Chicago oldest and most historic artists' building

Chicago oldest and most historic artists' building

My tap company has undergone a very large and very cool upgrade: the Chicago Human Rhythm Project finally has its own space in the famous and historic Fine Arts Building. The space is going to be called the American Rhythm Center, and it's so pretty! I won't bore you with all of the details of why it's awesome - I can't wait to tap on the amazing floors - but I will tell you that being in the Fine Arts Building is a huge deal.

If you haven't ever been in there, I encourage you to stop in. It's like stepping back in time. Aside from the fact that the inside is gorgeous and made of marble, the elevators of caged doors and elevator operators! It makes you feel very fancy. Being the giant nerd that I am, I had to look up the history of the building for my 'Did You Know, Chicago?' feature. Feast your eyes on the information below.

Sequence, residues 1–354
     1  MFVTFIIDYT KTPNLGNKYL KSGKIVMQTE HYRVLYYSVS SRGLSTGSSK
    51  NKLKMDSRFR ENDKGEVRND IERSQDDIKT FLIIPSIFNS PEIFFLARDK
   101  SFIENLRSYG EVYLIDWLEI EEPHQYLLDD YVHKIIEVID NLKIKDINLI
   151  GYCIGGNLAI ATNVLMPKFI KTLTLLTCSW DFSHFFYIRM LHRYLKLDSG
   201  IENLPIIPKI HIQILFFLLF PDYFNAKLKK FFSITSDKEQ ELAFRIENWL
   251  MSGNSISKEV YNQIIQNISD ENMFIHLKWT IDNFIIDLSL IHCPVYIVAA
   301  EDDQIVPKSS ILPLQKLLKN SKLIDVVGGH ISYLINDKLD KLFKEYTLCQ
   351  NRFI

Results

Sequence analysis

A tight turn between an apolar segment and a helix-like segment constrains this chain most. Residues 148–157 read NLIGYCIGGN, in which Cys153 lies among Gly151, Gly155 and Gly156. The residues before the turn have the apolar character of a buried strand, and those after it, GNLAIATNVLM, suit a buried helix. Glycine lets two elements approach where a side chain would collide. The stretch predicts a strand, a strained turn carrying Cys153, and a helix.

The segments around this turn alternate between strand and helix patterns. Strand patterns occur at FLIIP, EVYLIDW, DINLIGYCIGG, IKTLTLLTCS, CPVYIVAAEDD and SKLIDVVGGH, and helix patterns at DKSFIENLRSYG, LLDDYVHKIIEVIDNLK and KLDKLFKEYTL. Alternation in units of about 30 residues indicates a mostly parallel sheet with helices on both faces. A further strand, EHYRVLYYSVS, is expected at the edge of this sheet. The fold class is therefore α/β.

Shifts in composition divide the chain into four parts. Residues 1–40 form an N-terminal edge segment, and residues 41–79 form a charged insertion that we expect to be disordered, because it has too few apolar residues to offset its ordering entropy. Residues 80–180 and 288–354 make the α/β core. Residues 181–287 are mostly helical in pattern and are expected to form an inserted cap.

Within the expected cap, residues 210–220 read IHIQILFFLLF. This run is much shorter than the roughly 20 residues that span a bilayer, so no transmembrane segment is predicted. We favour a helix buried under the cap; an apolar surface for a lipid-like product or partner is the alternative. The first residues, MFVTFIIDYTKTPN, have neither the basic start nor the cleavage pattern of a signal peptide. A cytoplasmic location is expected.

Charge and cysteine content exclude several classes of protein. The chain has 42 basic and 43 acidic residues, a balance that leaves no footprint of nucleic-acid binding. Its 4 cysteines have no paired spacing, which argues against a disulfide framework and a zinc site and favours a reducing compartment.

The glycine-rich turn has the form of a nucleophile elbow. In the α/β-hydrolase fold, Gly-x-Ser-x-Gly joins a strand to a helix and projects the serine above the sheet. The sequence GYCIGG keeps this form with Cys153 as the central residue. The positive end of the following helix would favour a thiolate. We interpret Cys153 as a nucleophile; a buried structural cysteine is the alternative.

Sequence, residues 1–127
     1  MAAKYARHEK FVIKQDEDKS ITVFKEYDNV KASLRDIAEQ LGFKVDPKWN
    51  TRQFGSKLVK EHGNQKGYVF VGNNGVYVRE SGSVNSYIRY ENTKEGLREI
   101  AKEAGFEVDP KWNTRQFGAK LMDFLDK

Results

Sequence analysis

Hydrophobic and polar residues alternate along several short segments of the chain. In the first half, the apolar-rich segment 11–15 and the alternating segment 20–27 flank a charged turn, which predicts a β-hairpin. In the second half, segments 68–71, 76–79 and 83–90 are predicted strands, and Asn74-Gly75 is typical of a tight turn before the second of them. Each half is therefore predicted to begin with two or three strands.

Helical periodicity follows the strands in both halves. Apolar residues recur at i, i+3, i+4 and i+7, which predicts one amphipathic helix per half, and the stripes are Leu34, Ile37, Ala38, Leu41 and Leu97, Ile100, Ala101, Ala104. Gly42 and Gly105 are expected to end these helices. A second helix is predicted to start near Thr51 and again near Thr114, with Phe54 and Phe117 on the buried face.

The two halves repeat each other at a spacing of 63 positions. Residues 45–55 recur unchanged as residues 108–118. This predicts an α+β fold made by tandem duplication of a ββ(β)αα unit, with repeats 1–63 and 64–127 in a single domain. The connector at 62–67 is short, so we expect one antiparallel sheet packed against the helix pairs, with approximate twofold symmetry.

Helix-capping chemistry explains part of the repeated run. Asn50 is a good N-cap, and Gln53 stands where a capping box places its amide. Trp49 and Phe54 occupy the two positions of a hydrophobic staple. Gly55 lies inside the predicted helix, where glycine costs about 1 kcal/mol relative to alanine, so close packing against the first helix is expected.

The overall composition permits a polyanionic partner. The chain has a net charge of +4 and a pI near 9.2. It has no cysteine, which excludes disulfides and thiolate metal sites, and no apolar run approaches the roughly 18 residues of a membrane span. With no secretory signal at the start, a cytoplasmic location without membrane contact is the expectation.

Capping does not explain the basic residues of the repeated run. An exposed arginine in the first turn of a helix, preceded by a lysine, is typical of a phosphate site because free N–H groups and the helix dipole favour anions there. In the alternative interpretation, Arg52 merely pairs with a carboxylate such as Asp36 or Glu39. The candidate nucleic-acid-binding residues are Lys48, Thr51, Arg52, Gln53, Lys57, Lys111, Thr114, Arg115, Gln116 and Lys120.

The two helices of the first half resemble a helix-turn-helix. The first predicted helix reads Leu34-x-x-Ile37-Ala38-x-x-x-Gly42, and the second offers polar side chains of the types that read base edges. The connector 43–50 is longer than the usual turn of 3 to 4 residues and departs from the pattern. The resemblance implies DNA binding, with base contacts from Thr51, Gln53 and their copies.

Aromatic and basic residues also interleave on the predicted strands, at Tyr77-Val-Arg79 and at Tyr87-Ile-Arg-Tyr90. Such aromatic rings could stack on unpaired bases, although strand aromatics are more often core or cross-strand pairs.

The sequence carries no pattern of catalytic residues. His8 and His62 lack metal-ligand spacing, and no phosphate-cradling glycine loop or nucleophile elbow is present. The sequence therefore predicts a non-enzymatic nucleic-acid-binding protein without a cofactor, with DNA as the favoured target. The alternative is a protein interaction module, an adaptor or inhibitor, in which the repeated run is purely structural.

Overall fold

The Fine Arts Building was built in 1884. Originally known as the Studebaker Building, it was a carriage assembly and showroom. But after a major renovation in 1898 it became the hub of the Chicago arts community.

The building is a registered historic landmark and a part of the historic Michigan Boulevard District. What's the Michigan Boulevard District? It's a stretch of south Michigan Avenue that runs from Roosevelt to Randolph that contains numerous historic buildings facing Grant Park. It's called Michigan Boulevard rather than Michigan Avenue because before the Chicago Fire the street was a boulevard. It's also the end of U.S. Route 66.

The Artist's Cafe has been the cornerstone of the building since it opened in 1961. Such famous artists as Baryshnikov, Blythe Danner and Studs Terkel have dined there.

It's one of the few buildings left that was specifically designed for working artists. It's filled with musicians, dancers, performance instructors, singers, galleries, instrument sale and repair shops and various visual artists.

 

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